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Friday, October 10, 2008
Don't lose heart
When the legendary newsman Sanpasiri Viriyasiri tried to broadcast what was happening when the police and militia stormed Thammasat University during the October 6, 1976 massacre, he was immediately fired.
Thirty-two years on, we now can watch the state's crackdown right in our living rooms live, and up to the minute.
So, if you are thinking out of frustration that the Oct 7 crackdown shows that our country is still stuck in the same political vicious cycle, and that all the previous efforts to end autocracy have been wasted, don't despair.
An open society is mandatory for democracy. We might be unhappy with many things in our country, but we cannot deny that ours is now a much more open society.
So take heart.
That the Oct 7 crackdown occurred 135 days after the anti-Thaksin protest started also shows that we have come a long way.
Three decades ago, the powers-that-be would not have wasted any time. We would certainly have seen more people killed and a lot of buildings and buses burned by a "third hand" to create a sense of anarchy before the military marched in.
The Sept 19, 2006 coup has taught us not to trust the military's vow of staying out of politics. Yet, the military's current extreme caution to appear politically correct is an important change that we cannot ignore.
The rumour mills no longer can spill their poisons to instigate violence as seriously as before, thanks to the more open media environment. The media's reports on the violence from both sides also help us to see the conflict in perspective and to form our own judgement amid the political divisiveness.
For example, we can dismiss as mere lies the insistence of the police that they had used only tear gas to disperse the crowd, because we have seen what happened to the protesters on our TV screens.
The scene when police hit the peaceful crowd in front of the Metropolitan Police Bureau with a barrage of tear gas, also came across clearly as excessive use of force, which must be condemned.
Meanwhile, how can we agree with some protesters' use of guns and sharp items as weapons?
How can we condone the sabre-rattling rhetoric of the protest leaders, who keep urging their followers to end Thaksin's - and his cronies' - rule at all costs?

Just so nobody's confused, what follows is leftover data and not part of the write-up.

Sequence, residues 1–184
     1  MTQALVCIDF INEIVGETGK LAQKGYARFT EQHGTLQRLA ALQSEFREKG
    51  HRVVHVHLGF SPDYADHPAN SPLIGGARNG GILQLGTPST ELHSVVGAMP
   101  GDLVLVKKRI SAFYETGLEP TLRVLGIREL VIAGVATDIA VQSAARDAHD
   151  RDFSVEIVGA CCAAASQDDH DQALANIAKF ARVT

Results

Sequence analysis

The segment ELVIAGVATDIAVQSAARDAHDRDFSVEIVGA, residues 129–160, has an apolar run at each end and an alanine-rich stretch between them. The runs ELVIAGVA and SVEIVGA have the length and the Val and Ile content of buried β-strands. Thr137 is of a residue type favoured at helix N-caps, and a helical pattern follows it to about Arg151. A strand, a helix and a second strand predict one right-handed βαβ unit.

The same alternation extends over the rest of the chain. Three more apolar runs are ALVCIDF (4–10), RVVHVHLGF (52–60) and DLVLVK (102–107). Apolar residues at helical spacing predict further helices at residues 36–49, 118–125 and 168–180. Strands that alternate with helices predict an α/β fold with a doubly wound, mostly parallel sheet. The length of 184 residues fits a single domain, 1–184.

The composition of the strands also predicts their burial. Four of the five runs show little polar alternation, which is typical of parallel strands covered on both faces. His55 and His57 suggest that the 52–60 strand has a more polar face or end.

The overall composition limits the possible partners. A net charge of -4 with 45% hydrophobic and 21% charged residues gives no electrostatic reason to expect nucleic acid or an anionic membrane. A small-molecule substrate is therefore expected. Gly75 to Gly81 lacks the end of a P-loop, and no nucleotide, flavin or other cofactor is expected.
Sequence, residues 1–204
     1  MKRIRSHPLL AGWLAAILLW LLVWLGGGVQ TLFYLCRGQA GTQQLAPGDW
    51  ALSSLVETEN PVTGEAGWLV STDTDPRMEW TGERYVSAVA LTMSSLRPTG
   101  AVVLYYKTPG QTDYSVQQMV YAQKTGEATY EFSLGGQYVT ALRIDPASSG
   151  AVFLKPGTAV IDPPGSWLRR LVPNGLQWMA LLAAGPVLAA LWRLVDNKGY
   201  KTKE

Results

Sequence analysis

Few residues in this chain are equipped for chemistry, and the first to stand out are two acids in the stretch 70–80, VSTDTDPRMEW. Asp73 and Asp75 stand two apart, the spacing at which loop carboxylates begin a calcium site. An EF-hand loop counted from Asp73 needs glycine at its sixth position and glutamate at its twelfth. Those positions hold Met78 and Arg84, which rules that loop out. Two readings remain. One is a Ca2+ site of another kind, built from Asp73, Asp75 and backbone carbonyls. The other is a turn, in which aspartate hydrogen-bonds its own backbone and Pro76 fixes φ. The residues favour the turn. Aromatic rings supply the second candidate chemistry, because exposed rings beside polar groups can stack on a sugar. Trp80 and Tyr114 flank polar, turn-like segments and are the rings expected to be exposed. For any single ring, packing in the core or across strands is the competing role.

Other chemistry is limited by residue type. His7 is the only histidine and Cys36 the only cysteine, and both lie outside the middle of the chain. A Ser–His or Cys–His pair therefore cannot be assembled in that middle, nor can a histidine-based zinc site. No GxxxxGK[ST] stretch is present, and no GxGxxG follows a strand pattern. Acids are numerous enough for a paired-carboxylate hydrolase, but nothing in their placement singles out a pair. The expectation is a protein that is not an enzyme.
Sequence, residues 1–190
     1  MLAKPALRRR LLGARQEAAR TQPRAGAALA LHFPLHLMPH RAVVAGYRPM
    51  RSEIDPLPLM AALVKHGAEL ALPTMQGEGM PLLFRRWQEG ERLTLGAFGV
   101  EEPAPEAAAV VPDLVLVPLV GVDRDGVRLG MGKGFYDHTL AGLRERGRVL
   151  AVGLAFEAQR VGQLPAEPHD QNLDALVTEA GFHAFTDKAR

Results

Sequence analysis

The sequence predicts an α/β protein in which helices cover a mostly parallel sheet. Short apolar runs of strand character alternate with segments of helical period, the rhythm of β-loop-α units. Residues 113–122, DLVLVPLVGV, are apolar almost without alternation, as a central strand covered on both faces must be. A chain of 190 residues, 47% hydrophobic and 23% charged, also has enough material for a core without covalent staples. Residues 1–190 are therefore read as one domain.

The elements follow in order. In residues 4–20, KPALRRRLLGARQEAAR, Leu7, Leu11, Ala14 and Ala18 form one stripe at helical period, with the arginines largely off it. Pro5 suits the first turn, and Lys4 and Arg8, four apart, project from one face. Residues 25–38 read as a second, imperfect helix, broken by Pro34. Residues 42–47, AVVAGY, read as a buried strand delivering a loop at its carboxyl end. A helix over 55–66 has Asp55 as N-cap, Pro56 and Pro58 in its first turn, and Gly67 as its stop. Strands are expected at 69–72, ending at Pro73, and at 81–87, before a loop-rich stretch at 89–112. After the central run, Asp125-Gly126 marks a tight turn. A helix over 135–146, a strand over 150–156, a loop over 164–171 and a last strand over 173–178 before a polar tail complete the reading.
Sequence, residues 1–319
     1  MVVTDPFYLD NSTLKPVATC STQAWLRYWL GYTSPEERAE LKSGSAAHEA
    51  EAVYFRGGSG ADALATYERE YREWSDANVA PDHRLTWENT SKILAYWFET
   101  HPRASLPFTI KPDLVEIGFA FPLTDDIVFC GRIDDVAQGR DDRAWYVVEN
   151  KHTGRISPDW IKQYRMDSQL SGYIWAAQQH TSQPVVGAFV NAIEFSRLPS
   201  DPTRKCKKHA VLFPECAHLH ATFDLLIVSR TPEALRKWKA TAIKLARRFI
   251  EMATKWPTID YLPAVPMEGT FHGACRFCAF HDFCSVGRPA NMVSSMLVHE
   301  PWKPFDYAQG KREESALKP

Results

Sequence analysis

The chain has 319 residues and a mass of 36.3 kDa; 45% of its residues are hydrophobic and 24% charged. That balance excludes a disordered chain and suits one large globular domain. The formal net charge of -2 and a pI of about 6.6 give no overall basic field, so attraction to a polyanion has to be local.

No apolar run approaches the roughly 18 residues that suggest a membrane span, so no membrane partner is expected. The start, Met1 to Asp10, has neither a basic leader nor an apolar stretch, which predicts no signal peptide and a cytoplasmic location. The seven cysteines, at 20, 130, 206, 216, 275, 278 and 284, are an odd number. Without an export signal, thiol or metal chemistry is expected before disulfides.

We should be thankful for this ambivalence because it allows the silent majority's cry for non-violence to grow louder.
You may wonder why I am talking about positive changes when our country seems to be on the brink of anarchy.
It is because staying positive and being firm in our belief in non-violent change is the only way to prevent ourselves from being engulfed by the seemingly hopeless political situation.
Remaining positive is also what we should do when faced with a problem, if we want to call ours a Buddhist country.
Buddhism teaches us that change and inter-connectedness is the universal law that prevails for all. So if we want to initiate change, we must put the required factors in place.
If we want our democracy to go beyond the ballot-box ritual, we must understand that we cannot do away with money politics if the patron-client system which thrives on structural inequality remains intact.
Political decentralisation, land reform, progressive taxation, comprehensive state welfare. These are some of the measures necessary to bridge inequality as well as the rural-urban gap.
Another mandatory factor is the rule of law. Again, short of police reform, we cannot end police corruption and abuse of power.
If we see the authoritarian culture as our biggest stumbling block to democracy, the place to begin is our heart. Democracy cannot exist where there is no basic respect for human rights and dignity.
There are so many things to do to make our soil fertile for democracy to grow. We cannot bury ourselves in hopelessness. We must think of our children. We must not lose heart.
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